NARC Amiga

Game Lists

5 game lists have this game (1 public).

Completed Games (TCD)

front image
Score: 6.4
Developer:Random Access
Players:1 - 2 (2 simultaneous)
Missing short game description
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The arcade ation thriller with the BIG finish. Infiltrate the criminal  underworld - your mission is to seek out and destroy the king pin of the  MR BIG CORPORATION - if you get that far. You'll hve to outwit his  enormous army of body guards, gangs of charisma-bypass patients in  trench coats, the bullet brain with the build of a rhinoceros and the  breath of a dung beetle, packs of vicious canine yappies, the psychotic  clown with an evil sense of humour - you'll die, but not laughing! Then  there's the gas guzzling cadilac jock - a cool specimen, elbow hanging  on the door rail, a serious looking piece in his hand and ready to blow  you away as he rolls down main street leaving you coughing lead. It's  not all bad!... You've got a chopper to back you up, a mean, shiny  street machine, some heavy metal hardware and some pretty neat moves.  And what about the king pin... did i say he was Mr. Big? No. he's MR BIG! — Game Box

Narc is a 1988 arcade game designed by Eugene Jarvis for Williams  Electronics and programmed by George Petro. It was one of the first  ultra-violent video games and a frequent target of parental criticism  of the arcade game industry. The object is to arrest and kill drug  offenders, confiscate their money and drugs, and defeat "Mr. Big".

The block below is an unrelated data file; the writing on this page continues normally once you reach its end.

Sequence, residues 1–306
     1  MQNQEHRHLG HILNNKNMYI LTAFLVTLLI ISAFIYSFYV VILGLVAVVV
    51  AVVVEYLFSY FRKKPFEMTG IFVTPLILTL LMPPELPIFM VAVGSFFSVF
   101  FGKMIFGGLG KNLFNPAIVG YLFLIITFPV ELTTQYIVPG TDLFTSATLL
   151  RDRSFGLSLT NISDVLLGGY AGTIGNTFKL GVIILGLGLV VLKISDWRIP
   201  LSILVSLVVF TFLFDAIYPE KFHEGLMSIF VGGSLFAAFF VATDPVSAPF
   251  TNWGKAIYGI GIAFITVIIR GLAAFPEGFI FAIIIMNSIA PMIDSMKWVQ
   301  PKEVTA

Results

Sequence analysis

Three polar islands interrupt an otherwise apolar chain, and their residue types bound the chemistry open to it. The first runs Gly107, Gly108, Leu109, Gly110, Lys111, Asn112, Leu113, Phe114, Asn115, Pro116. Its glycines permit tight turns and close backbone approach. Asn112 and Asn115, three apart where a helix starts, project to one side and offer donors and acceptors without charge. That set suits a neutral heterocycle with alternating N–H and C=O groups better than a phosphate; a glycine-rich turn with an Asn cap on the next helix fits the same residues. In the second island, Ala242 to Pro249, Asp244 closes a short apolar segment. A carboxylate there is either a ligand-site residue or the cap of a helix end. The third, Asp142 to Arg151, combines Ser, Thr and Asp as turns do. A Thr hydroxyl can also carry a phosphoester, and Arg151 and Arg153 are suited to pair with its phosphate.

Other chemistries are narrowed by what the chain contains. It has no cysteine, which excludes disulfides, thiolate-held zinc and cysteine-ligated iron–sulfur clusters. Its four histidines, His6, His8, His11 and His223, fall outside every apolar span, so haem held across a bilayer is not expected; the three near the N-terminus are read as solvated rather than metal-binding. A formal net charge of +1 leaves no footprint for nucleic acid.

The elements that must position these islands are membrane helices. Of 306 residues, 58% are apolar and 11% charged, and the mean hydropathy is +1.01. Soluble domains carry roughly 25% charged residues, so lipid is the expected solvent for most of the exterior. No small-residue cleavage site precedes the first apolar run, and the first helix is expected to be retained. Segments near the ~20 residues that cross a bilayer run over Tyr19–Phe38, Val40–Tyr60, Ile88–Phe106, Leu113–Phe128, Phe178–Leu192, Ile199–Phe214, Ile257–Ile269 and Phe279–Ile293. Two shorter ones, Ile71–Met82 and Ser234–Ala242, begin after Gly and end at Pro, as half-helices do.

It was the first game in the newly restarted Williams Electronics  coin-op division, and features their notable use of digitized  graphics (later made famous in games such as Mortal Kombat).  In fact, the quality of the graphics in terms of number of colors  would not be surpassed until the game Mortal Kombat II  (released in 1993). The game features what in arcade terminology is  termed a medium resolution monitor – higher resolution than  televisions and normal arcade monitors, although often in a smaller  physical size. NARC was also the very first arcade game to utilize  the TI TMS34010, which is a 32-bit processor. The game was also  notable for the numerous voice samples used during and between  levels.

Narc was ported to the NES and several home computer systems in 1990.

Programmed by David Leitch at Sales Curve Interactive and published by  Ocean Software, the versions of the game for the ZX Spectrum and  Amstrad CPC computers generally received positive reviews,  including 9/10 from CRASH, 8/10 from Sinclair User and 72% from Your  Sinclair. Matt Bielby of Your Sinclair called it "one of the most  objectionable Speccy games I've seen in ages", and called it  "repetitive" and the plot "utter nonsense. "